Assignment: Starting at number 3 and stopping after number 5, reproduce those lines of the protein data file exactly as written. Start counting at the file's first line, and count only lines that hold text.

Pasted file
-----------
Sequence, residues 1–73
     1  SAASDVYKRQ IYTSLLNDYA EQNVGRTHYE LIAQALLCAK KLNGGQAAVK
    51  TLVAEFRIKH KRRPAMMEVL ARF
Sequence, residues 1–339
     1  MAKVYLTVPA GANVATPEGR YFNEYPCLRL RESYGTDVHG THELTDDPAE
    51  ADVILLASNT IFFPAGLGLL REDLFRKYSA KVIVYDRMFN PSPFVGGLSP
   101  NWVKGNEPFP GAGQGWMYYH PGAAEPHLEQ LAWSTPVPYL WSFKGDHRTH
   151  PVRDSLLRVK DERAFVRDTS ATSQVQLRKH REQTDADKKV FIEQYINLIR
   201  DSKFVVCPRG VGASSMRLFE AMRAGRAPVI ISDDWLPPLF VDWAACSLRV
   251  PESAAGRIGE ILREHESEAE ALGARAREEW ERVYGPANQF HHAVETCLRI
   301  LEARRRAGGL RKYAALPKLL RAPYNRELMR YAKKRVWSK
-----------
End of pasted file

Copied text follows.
    51  TLVAEFRIKH KRRPAMMEVL ARF
Sequence, residues 1–339
     1  MAKVYLTVPA GANVATPEGR YFNEYPCLRL RESYGTDVHG THELTDDPAE